Concern and debate over video game addiction.

Gaming is a big concern for a lot of parents and teachers, but it doesn’t have to be. Gaming can foster critical thinking skills, collaboration, and can also be an excellent stress buster. The video game industry has a very bright future with a lot of job opportunities, and gamers are being used more and more in the field of science research.

https://www.pewinternet.org/Reports/2012/Future-of-Gamification/Overview.aspx

Of course, like most of our other tech distractions, it can become an issue if it’s not used in moderation.

What is moderation when it comes to gaming? Well, there’s a lot of debate on that, and it really comes down to the individual child. Watch for signs that it’s interfering with other parts of their lives or if they get agitated (not just normal kid agitated, but a more extreme version) if you try and monitor it. If you’re really concerned, check the indicators coming out from the new DSM.

https://www.forbes.com/sites/alicegwalton/2012/10/02/the-new-mental-health-disorder-internet-addiction/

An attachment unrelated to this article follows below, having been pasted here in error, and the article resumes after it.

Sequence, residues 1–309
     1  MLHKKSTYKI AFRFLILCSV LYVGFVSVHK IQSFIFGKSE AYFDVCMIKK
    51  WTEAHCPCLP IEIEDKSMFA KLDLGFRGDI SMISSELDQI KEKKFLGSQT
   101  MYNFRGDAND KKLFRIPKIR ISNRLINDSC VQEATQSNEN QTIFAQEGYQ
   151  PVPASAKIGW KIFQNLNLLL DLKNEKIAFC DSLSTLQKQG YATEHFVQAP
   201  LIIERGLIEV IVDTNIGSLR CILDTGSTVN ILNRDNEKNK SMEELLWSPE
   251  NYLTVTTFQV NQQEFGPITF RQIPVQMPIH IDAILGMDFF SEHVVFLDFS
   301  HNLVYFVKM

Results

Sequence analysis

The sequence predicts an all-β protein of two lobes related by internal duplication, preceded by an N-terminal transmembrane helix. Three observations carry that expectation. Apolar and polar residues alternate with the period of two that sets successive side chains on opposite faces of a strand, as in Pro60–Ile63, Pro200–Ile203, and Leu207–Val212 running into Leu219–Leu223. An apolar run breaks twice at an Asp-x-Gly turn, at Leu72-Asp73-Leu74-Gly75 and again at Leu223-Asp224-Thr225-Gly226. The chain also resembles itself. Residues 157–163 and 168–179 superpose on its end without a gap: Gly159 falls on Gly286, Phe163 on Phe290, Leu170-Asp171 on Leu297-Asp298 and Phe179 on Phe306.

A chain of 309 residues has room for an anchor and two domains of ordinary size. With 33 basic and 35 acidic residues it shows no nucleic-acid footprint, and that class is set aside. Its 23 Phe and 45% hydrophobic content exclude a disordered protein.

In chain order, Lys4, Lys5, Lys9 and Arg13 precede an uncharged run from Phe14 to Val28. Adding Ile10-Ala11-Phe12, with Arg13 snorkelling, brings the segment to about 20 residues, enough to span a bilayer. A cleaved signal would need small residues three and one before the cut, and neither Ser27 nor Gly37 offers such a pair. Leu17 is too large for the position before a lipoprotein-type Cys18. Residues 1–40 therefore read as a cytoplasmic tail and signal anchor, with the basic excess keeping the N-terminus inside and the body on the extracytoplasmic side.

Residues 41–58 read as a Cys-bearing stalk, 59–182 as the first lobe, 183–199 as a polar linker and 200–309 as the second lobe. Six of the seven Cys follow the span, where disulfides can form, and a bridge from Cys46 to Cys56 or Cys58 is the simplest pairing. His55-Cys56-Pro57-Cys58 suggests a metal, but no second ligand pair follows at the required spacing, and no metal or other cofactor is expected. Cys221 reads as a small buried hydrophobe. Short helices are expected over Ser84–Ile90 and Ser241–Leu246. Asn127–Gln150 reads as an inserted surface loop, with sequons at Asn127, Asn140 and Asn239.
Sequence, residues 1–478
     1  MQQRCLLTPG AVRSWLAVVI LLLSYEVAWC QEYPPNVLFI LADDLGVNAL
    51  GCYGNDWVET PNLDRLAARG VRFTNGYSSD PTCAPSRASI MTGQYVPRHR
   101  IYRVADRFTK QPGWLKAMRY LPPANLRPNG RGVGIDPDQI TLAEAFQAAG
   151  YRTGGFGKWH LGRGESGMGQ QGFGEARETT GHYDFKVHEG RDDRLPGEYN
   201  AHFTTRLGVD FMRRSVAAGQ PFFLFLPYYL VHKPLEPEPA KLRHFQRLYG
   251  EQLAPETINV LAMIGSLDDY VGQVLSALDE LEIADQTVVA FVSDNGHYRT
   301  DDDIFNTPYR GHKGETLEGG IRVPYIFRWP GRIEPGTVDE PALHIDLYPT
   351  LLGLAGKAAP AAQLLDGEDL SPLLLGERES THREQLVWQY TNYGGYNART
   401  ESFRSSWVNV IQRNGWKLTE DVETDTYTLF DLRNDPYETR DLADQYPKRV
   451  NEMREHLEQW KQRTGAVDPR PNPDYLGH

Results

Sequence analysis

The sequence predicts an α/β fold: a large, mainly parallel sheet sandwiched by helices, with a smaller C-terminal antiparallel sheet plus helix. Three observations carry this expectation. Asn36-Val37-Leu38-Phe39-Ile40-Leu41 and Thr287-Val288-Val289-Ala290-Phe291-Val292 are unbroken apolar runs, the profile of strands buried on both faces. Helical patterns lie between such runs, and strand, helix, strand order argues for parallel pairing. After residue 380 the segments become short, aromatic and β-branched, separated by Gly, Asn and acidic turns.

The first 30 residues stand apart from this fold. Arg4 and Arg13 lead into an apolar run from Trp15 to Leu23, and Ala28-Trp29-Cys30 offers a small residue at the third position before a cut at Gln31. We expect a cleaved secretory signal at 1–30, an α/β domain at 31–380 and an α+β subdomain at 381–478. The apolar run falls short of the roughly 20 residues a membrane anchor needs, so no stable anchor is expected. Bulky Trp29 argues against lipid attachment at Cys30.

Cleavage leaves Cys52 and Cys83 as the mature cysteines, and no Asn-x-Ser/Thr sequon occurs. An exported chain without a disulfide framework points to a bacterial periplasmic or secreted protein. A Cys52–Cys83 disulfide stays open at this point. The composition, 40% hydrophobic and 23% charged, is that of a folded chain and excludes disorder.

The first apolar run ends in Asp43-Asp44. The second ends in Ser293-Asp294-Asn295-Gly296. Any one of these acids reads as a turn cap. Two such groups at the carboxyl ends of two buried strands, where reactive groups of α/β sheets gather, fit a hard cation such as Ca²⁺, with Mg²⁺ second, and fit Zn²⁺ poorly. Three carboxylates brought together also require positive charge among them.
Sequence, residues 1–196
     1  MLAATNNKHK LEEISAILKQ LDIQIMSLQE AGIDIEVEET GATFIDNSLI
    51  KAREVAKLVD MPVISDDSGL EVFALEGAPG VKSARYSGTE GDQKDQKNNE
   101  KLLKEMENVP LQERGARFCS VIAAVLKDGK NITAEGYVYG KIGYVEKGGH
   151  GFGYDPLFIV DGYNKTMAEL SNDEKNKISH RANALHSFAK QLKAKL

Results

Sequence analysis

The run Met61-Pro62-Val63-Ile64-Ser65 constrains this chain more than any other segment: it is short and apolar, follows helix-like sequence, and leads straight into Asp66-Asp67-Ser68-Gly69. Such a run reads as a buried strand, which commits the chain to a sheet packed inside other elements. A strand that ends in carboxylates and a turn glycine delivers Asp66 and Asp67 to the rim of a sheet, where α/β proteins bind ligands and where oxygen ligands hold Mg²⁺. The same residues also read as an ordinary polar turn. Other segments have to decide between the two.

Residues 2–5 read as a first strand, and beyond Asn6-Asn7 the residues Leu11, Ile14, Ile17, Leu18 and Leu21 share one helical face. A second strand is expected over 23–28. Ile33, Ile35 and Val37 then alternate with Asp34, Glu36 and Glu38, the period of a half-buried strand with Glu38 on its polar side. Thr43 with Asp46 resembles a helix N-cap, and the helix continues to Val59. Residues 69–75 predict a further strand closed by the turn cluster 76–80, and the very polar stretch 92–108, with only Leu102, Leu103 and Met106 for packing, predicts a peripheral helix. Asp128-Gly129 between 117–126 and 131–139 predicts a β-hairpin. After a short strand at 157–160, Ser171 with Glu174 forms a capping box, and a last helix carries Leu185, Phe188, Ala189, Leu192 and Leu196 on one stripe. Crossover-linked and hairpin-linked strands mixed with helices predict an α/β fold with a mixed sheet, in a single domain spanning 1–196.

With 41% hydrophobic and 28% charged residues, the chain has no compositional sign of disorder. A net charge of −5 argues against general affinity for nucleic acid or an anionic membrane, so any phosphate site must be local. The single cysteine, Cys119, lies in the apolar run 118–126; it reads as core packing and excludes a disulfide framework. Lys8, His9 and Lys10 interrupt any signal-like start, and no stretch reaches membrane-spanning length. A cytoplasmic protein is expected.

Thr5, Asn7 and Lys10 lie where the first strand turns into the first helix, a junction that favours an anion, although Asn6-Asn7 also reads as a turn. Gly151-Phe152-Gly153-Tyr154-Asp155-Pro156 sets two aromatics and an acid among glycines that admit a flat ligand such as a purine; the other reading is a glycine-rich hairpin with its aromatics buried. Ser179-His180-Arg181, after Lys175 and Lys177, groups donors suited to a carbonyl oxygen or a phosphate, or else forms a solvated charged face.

Again… don’t jump to conclusions if a 12 year-old boy is playing an hour or so of Minecraft after he’s done with his homework. But if you’ve got a middle school or high school student who keeps nodding off in class, you might want to check for the signs. Chances are if you get the conversation going, you’ll find out soon enough who’s struggling.

Remind the kids that there’s a reason that most of those MMORPG games (World of Warcraft, League of Legends, etc.) are rated 13 and over.

We’re not talking about Mario Cart here.

These games are unbeatable, designed to be infinitely entertaining, and updates roll out about once every two months. With their still developing pre-frontal cortexes, most teenagers are simply not capable of pulling away once they get hooked (Which is why most of those games will offer a free trial before they ask you to pay with a credit card).

Here’s a great series from CNN that takes a balanced look at video game addiction and can be a great starting point for a debate with a high school or middle school class.

https://edition.cnn.com/interactive/2012/08/tech/gaming.series/korea.html

Don’t be reactionary. This isn’t a “Just Say No” issue like alcohol or drugs. Show the video, get the discussion going, and make sure you stay open to their opinions. If they feel like you appreciate the positive sides of gaming, they’re much more likely to let you know if it’s becoming an issue for them or any of their friends.

 

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